We’ve heard about it, many complain about it, and others ask for advice on how to overcome it. It is the crutch and the sucker punch of writers everywhere. It’s called writer’s block.
Writer’s block is all in your head. Hold up on the tar and feathers and let me explain. There isn’t just one reason someone might be reluctant to write, but all of them stem from you.
Busy/Don’t have time
Those who say “I just don’t have time.” The adage “if you want to do something bad enough, you’ll find the time” applies here. Writing isn’t about sitting down and writing hours on end. Look into writing sprints. You can write while waiting for the coffeepot to brew, the end to your lunch break, instead of surfing FB or Twitter, DVR your favorite shows and catch them later (like the nights you are exhausted from work or spending time with your loved ones), change the dinner menu to something easier to cook or have your other half/kids cook, and instead of being stuck at the screen, you can use Google Docs or invest in something like Dragon—Dragon is a voice to text program—to make writing anywhere at any time possible.
Writing isn’t something you can put off on someone else—unless you’re hiring a ghostwriter.
I don’t believe a true writer is lazy. They are fearful or lack the tools.
Fear comes in many forms. Perfectionism, living up to previous works, imposter syndrome, expectations, etc. The list can go on.
No writer sprung from their mom fully able to pen an amazing story. It takes time to learn and train your mind to craft a story from start to finish.
Some are so intent on the first draft being perfect that they freeze and stare at the screen with a blank mind. The first draft doesn’t have to be perfect, it’s better if it’s not. This isn’t a writer’s block that anyone’s advice can help with. Keep trying because, eventually, you’ll reach a moment where it clicks and the words flow.
You can’t edit a blank page.
Lack of Structure /Lost Plot/Overthinking
For those who pants or those who don’t understand their genre, losing the plot/direction of the story can be a crippling blow that can knock the wind from your sails. Pick up a few books on your genre, look into variations of plotting, reread what you have written so far, and write notes to yourself about what your goal is as you think about it. Write out of order if you need to. Invest in shower crayons (located in the kids’ bath section) to write that idea down while you’re in the shower. Send yourself an email, a text, etc. Don’t believe you’ll remember that cool “twist” because odds are you won’t.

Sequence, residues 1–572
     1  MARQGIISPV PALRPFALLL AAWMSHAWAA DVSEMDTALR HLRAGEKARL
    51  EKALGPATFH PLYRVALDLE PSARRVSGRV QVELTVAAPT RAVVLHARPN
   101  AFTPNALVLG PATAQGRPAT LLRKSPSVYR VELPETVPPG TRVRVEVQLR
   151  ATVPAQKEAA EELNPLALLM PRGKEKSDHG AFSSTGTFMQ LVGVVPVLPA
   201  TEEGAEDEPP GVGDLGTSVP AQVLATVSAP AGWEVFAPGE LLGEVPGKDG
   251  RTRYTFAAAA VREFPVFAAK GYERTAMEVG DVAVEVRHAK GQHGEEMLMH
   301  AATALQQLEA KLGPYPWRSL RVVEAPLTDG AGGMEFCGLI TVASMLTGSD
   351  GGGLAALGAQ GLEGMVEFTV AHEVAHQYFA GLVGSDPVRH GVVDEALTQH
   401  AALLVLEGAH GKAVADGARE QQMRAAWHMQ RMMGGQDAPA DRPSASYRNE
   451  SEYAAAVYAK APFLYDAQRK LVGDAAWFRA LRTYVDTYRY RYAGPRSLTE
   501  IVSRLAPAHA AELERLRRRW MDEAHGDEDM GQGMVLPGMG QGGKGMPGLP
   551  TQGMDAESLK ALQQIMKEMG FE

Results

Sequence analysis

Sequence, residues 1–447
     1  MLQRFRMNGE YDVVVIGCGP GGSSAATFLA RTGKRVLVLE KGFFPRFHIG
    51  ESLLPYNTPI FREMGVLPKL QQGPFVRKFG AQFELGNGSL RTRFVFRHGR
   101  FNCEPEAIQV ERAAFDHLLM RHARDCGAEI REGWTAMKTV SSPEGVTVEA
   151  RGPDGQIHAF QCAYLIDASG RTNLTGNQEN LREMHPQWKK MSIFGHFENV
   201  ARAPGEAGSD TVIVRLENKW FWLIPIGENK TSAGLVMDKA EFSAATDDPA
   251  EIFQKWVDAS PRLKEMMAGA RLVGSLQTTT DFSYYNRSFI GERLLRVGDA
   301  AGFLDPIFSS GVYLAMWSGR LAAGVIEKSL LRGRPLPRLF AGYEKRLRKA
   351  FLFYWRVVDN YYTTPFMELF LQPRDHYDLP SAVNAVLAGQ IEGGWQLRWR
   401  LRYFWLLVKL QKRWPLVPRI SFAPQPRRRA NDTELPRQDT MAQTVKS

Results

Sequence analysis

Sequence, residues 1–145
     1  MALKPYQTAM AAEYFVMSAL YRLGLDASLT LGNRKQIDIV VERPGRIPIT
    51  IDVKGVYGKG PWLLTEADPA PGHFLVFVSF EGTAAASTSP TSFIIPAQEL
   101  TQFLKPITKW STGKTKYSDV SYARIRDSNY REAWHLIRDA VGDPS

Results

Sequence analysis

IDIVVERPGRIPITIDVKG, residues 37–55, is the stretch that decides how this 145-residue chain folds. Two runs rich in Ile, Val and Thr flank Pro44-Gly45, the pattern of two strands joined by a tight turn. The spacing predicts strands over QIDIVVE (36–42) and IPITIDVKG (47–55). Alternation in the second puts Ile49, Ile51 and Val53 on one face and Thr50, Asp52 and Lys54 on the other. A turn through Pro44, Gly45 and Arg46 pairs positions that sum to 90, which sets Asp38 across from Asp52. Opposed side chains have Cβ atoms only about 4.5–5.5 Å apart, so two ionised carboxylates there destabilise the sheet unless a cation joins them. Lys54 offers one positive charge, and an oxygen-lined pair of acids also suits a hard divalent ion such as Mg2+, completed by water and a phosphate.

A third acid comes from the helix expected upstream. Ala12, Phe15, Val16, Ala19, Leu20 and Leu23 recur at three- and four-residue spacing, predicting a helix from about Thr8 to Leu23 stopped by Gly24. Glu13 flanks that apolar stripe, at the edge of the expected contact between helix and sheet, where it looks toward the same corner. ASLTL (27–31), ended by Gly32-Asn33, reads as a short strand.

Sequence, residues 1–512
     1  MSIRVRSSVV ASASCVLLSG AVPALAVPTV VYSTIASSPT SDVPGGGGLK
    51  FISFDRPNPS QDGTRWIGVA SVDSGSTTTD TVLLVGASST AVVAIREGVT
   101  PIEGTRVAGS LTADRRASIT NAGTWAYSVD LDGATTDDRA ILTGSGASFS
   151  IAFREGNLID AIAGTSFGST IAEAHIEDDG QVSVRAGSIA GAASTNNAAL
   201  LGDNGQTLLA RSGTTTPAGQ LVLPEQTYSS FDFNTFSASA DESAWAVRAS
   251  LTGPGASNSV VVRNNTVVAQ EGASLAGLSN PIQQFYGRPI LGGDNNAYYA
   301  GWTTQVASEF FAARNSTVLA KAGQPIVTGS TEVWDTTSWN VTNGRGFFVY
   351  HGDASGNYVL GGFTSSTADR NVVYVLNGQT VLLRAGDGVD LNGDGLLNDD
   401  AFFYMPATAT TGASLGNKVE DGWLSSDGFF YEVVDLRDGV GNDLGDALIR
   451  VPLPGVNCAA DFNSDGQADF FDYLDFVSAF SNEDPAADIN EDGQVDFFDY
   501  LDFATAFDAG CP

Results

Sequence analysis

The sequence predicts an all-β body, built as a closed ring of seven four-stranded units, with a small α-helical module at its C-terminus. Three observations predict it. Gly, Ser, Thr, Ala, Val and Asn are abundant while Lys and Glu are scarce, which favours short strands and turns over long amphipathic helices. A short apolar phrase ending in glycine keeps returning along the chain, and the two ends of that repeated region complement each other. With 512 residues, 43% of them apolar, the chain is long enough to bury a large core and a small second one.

Have you rearranged your office, got a new keyboard, had to change chairs? You’ve disrupted your “zone”. It might take a little while for you to fully adjust to the new change. Keep trying.
Chemical Imbalance/Emotionally Unbalanced/Injured
Writing is as much about muscle training as weight lifting is.
If it’s uncomfortable to sit at the desk or to type on the keyboard, it can cause an aversion to the situation. Who wants to write when they hurt after doing any of it? I injured my back, and I find it difficult to sit at the desk for hours at a time like I used to. I’m having to find alternatives—like Google Docs on my phone.
Sometimes it isn’t a physical aversion but a chemical one. Maybe you’re not getting enough sleep, maybe you’ve changed your diet, or you’ve suffered a loss/added a new child to the house. The list is endless as to why the chemistry and emotions are out of whack.
It’s okay to take a break and live a little; sometimes fresh air and spending time with family and friends can help. Go see the doctor if you need to.
Take care of yourself.
For some, writing is like a diary except the moments aren’t in plain English.
There have been a few times when my writings were read without my okay, and my writing bubble burst. For me, this is the one thing on here that gives me writer’s block.
When I was younger, we had just gotten our first desktop computer (so I was probably 10 or 11—figure 1997-1999 sometime). My dad found my writing, and despite him raving about it—I was writing two stories. The first was a female racecar driver where her garage and car were sabotaged. The second was a western—I was ashamed, and I hide my writing for a long time even trashing it as quickly as I wrote. I’ve had that happen in the last couple of years with my other half.
Those little invasions are hard to overcome. My hands freeze. “What if…” isn’t in full thoughts but a hidden weight, strangling me. It takes a lot for me to beat that monster back into the dark recesses to where it doesn’t have a foothold. The only thing that does is to dust my ego off the ground and keep writing one paragraph at a time.
Small steps lead to the same destination as someone who sprints, so don’t compare your journey to someone else’s.
If you think you have writer’s block write out why you think you do, research ways to overcome it, and keep trying every day, even when you don’t feel like it. Eventually the words will flow, your sense of enjoyment will return, and you’ll complete your writing project.